Most of us remember playing the Telephone Game at a party as children: The first player thinks of a sentence, then whispers it in into the ear of the player next to them. That person whispers what they thought they heard to the next person, and so on down the line, until the last player reveals what was whispered into their ear. Usually, the message has dramatically changed between the message the first player thought up and the message the last player heard, often with humorous results.
What is it that makes this communication-chain game work? Clearly, the whispering aspect has some bearing on the results of the game, but that is not the only thing that is happening. The same thing can happen when we try to communicate with others outside of the confines of the Telephone Game.
So what factors are at play that can cause our efforts at communication to go so awry?
The Real Life Telephone Game
When we communicate with another person, the message they receive is based on much more than just the words we choose. Studies show that less than 10% of our message is conveyed by the actual words. Body movements and the expressions on our faces communicate more than half of the meaning the listener receives, and around 40% is conveyed by our tone of voice.
If something outside of our intended message influences our voice, posture, or facial expressions, it is easy to see that what we meant to say can get lost in translation. For example, if a speaker is in pain, or feeling unwell, it can come across to their listener as though they are angry or impatient with the conversation. Our mood, or our feelings about the listener, can alter the tone of our voice, as well as our expressions or body posture, altering how the listener understands our message. Even something as simple as sitting with your arms crossed can give the impression of being defensive.
Many things beyond those physical attributes can cause your misunderstanding. How the listener feels about the speaker can also influence whether they interpret a message more positively or negatively. Even the listener’s mood can bias their interpretation of what is said to them.
In a recent article, we discussed how word choice can be interpreted differently by different people. Our experiences with particular words or phrases can easily stymie effective communication. One example many people can relate to is the phrase, “We need to talk.” Those four words can send shafts of terror through the hearts of anyone who has heard that before they receive very bad news. A speaker may mean it in the most innocent or positive way, but a listener who has heard that phrase prior to being dumped by a partner, or punished by an angry parent, is not going to be able to put aside those experiences to listen with a completely unbiased mind.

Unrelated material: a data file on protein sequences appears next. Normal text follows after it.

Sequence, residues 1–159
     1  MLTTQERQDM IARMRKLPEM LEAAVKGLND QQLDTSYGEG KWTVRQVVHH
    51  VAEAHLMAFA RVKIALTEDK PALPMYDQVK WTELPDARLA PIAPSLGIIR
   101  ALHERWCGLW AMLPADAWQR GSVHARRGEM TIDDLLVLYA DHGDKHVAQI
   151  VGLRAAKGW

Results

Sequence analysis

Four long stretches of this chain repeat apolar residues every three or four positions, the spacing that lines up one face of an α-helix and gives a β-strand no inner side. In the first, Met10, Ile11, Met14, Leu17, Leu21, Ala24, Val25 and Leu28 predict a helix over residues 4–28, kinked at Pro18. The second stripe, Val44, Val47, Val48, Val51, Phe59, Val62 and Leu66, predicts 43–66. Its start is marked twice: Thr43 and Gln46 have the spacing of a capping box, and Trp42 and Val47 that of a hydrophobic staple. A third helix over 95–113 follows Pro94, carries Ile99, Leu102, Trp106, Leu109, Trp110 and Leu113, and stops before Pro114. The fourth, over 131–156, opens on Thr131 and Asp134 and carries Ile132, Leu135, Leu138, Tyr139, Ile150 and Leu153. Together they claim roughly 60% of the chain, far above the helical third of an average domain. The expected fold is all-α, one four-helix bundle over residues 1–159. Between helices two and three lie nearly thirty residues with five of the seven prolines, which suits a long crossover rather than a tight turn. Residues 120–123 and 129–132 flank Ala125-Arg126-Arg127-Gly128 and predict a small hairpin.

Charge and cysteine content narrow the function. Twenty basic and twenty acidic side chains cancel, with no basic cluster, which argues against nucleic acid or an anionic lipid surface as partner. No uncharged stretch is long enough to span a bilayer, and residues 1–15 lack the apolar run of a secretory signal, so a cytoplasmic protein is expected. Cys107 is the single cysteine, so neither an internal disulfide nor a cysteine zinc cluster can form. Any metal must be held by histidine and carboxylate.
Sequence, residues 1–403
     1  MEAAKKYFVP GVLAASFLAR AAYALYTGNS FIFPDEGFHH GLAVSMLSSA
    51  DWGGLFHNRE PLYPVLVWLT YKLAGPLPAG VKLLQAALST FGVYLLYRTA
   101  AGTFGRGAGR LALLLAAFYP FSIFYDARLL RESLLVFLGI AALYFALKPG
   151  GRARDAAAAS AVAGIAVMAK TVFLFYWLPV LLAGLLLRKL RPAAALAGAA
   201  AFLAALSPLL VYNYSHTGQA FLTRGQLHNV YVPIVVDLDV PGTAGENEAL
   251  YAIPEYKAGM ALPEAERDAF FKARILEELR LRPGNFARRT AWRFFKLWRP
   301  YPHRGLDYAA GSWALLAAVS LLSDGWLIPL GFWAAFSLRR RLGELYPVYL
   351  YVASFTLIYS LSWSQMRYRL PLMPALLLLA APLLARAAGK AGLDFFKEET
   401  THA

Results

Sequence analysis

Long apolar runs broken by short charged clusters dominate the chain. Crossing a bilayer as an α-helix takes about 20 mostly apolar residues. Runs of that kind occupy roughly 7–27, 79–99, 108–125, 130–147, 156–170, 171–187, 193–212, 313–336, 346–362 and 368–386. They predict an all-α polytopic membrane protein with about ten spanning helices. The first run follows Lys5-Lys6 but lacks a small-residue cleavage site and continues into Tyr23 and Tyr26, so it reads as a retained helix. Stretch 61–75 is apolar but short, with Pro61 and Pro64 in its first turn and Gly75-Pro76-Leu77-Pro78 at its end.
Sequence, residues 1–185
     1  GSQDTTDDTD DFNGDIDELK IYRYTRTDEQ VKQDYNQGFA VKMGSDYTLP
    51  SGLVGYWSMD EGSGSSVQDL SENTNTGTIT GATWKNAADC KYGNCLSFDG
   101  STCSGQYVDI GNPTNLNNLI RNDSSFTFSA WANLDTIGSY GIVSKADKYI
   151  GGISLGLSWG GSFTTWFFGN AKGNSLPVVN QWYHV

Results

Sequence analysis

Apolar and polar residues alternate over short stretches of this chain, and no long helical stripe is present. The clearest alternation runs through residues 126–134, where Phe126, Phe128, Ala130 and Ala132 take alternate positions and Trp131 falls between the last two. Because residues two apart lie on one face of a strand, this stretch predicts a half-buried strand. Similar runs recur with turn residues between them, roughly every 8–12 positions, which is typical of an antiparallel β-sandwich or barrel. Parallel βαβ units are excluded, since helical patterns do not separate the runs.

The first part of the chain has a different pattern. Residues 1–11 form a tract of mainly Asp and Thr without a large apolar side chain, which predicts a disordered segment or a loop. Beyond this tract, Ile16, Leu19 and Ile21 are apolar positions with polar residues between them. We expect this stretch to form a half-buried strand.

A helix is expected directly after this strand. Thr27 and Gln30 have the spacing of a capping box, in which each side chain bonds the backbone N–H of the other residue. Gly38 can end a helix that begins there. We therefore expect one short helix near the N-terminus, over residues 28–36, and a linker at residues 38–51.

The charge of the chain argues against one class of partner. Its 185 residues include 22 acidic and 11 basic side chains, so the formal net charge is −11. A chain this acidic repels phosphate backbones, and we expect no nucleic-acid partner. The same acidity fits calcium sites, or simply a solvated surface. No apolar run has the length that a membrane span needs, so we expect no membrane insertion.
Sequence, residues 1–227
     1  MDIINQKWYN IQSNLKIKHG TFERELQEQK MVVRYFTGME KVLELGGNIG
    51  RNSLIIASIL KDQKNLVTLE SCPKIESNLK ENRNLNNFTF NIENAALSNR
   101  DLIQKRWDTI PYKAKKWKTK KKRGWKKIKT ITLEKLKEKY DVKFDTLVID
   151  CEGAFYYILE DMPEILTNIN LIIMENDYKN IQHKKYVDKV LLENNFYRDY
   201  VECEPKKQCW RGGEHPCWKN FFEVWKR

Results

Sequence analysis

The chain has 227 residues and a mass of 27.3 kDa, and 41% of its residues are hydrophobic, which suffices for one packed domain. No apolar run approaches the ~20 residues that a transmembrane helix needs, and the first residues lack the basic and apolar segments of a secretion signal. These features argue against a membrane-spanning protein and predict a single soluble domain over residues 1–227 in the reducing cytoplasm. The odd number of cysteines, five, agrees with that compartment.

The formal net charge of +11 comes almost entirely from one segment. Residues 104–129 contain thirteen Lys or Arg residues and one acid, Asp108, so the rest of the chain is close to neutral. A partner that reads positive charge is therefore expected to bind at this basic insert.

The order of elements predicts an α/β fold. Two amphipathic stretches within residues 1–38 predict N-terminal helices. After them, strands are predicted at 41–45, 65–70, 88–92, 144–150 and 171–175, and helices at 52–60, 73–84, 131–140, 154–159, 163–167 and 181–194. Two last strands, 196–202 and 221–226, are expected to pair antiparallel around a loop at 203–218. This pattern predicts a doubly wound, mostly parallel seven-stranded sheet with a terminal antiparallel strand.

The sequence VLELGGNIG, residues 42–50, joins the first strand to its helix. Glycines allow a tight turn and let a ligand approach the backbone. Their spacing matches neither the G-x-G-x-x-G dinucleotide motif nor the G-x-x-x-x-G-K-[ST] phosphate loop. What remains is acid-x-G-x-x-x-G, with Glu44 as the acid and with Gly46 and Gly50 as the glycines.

Getting It Right
How can we make sure our real life version of the Telephone Game gets us closer to getting our intended message across the line? We cannot control the listener’s mood, or their past associations, but there are some techniques to help minimize misinterpretations:
- Avoid important conversations when we are feeling agitated, distracted, or highly emotional.
- Try to keep our nonverbal cues (body posture, tone of voice, facial expressions) consistent with the message we intend to convey.
- Be attentive. Actively listening when another speaks, and giving them nonverbal signs (like maintaining eye contact and an open body posture) encourages the listener to be attentive and open to your message.
- Keep an open mind. When you jump to conclusions, even if you do not verbally express them, those thoughts are often betrayed on your face, and can steer the conversation in an unintended direction.
- If you know your listener has negative associations with certain words or phrases, avoid using them.
- If you observe that what you are saying is missing the mark, own it. Do not blame the other for misinterpreting, as that will just increase defensiveness. Say something like, “That didn’t sound right. Let me try that again.”
Effective communication is about how well you get your idea across. If the message is being misinterpreted, it is your job to take a step back, figure out where things went wrong, and then try to make them right. After all, it isn’t the fault of the last player in the line of the Telephone Game if he hears “The Pope wears stinking pomade,” after “I hope we’re drinking Kool-Aid,” has filtered through 12 whispering people. The message went wrong somewhere up the line; blame won’t make the message any clearer.
Get the Skills
Want to make sure your conversations don’t turn into the Telephone Game? AdvantEdge Training can help:
- AETC’s Emotional Intelligence training course will teach you how to influence and direct your emotional states, and better understand others’ emotions, with an eye toward anticipating and influencing their behaviors. Our EI classes will help you develop the skills to be more effective in communication, manage conflicts better, and find more common ground in your interactions.
- Effective Business Communication teaches the skills needed to be more effective in your conversations, so that your interactions with others can be more productive, and yield more positive outcomes.